I recently read a great blog post (and bite-size history lessons) by Julie Kennedy, on CEB Blogs. Julie is in the Workforce Surveys & Analytics group at advisory company CEB.
Here are the history lessons:
In the 1880’s, Gustave Eiffel was awarded a 20-year temporary permit for his ‘feature’ at the World’s Fair. Most Parisians loathed the decorative eyesore and looked forward to its disassembly. However one innovative engineer had other ideas. Eugène Ducretet realized the Eiffel Tower could be the world’s largest radio antenna. Through his efforts the structure became a permanent part of France’s radio transmission infrastructure by the early 1900’s. Aha!
In the 1920’s Dr. Alexander Fleming found that mold growing in his London lab had spread to a nearby petri dish where it seemed to stop the bacteria from growing. Surprise! He’d accidently discovered the world’s first antibiotic.
So, what does any of this have to do with surveying employees?
Good HR managers already know that a well-written and effectively administered employee engagement survey can provide actionable insights into the people working in an organization. Applying advanced analytics to the data can lead to clear identification of the factors motivating employees to be productive (providing increased effort), active (continuously improving outcomes), and committed (being an advocate) to the organization. Even more opportunity to improve business performance is gained from a careful assessment of the underlying factors triggering the need to survey employers in the first place.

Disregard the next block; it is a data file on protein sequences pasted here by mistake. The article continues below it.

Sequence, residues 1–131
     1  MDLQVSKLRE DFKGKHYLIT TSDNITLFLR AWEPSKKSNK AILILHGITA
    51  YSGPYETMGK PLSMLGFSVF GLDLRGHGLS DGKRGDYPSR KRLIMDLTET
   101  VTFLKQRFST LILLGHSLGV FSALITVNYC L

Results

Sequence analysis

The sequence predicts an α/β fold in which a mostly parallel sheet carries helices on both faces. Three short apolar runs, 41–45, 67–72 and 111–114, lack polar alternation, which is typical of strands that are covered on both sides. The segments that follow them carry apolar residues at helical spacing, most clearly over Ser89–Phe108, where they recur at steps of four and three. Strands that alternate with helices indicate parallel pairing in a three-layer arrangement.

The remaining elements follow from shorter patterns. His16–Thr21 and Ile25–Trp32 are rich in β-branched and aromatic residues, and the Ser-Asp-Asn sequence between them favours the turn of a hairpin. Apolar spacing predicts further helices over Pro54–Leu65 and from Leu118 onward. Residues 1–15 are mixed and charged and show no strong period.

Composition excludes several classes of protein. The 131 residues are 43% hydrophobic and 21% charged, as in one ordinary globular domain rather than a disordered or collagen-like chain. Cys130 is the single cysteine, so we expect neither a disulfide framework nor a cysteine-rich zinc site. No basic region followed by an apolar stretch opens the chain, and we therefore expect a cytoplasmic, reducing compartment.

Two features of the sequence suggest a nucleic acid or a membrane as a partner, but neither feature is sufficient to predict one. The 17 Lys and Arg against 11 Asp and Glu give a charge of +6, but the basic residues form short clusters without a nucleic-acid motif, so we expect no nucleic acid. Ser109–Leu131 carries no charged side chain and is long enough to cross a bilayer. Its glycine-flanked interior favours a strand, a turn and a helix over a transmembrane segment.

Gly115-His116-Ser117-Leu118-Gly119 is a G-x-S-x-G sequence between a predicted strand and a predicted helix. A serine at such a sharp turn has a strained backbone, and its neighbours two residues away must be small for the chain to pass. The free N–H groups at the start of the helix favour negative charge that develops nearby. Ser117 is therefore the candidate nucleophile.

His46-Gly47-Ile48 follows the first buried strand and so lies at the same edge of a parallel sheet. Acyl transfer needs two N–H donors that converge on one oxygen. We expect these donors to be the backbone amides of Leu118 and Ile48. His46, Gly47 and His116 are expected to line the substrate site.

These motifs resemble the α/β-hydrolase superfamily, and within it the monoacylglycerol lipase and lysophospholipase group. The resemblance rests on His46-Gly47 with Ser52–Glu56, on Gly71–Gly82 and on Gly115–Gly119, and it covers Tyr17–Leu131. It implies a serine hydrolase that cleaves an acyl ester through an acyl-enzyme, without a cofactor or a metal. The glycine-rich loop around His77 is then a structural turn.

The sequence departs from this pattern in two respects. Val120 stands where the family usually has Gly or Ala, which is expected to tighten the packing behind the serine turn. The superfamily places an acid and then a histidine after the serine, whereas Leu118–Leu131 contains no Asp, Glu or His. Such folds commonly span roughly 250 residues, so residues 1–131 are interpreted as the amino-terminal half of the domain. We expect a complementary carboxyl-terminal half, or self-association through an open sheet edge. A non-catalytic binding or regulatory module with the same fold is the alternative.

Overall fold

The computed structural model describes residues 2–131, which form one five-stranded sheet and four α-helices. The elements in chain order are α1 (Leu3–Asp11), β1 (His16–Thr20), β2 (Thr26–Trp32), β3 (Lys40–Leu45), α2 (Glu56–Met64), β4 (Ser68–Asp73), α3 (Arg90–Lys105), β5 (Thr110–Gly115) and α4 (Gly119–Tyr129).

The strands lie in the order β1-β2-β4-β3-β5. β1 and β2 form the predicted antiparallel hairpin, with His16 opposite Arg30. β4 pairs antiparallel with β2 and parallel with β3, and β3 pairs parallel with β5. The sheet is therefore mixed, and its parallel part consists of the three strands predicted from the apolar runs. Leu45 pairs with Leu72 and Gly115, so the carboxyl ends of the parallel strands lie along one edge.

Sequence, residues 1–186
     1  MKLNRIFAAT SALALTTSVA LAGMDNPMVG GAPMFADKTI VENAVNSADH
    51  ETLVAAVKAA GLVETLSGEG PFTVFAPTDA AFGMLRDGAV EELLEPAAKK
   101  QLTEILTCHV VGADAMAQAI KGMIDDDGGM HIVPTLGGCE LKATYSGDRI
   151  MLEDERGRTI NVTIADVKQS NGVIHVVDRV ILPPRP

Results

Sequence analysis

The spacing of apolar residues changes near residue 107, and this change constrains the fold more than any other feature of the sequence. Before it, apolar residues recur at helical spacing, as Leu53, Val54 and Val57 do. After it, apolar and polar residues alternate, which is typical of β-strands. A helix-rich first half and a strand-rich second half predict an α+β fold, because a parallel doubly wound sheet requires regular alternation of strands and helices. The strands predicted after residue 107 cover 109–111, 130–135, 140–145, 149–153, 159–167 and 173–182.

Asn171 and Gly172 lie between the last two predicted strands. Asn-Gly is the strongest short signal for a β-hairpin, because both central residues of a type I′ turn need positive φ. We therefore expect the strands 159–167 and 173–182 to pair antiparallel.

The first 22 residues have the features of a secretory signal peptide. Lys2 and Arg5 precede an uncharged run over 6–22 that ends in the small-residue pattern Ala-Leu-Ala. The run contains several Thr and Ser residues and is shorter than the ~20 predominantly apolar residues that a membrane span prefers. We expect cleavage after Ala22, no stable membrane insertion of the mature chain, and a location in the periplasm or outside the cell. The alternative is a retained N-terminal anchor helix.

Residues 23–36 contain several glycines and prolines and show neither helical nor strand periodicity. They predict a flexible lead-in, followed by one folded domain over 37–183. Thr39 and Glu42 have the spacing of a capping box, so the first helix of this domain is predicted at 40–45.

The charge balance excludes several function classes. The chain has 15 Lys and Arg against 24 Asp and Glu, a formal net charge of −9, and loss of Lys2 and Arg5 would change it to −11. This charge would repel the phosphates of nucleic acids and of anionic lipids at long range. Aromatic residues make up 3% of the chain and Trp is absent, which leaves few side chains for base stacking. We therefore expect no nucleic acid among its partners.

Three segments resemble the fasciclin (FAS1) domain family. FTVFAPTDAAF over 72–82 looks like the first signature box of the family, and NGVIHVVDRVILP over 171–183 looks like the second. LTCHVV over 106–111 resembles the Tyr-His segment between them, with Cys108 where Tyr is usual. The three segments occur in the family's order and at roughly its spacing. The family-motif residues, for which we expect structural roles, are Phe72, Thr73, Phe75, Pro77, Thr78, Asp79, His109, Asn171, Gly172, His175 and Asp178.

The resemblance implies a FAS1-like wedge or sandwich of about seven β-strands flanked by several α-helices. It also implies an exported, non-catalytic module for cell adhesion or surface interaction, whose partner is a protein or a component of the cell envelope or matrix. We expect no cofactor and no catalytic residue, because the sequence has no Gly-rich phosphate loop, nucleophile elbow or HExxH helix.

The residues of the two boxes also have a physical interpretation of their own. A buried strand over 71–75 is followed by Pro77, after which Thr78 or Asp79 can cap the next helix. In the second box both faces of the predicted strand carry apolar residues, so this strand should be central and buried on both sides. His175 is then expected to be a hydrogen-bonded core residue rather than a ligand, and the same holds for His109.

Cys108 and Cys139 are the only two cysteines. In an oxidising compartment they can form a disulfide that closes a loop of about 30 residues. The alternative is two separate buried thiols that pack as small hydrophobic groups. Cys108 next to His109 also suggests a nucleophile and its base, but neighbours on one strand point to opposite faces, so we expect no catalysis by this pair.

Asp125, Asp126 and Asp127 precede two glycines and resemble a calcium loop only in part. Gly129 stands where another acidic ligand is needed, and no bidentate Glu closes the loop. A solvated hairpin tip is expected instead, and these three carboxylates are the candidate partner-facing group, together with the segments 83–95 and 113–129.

But how many of you have thought about using employee engagement surveys to actually contribute to implementing business strategy? With only minor adjustments, employee engagement surveys can help business leaders assess whether the organization has the essential skills and capabilities to implement any change in strategic direction.
Does your business strategy depend on innovative product breakthroughs? Test to see if your workforce is open to new ways of doing things and willing to treat mistakes as learning opportunities rather than failures. Is customer experience your key competitive differentiator? Use the survey to see if you have the tools, processes, and culture of teamwork to make this happen. Intentionally aligning your employee survey efforts with the organization’s strategic direction puts this process at the center of business success.
So let’s learn from Eiffel’s and Fleming’s surprising historical experiences – discover how a repurposed employee engagement survey can play a “towering” role in your business strategy!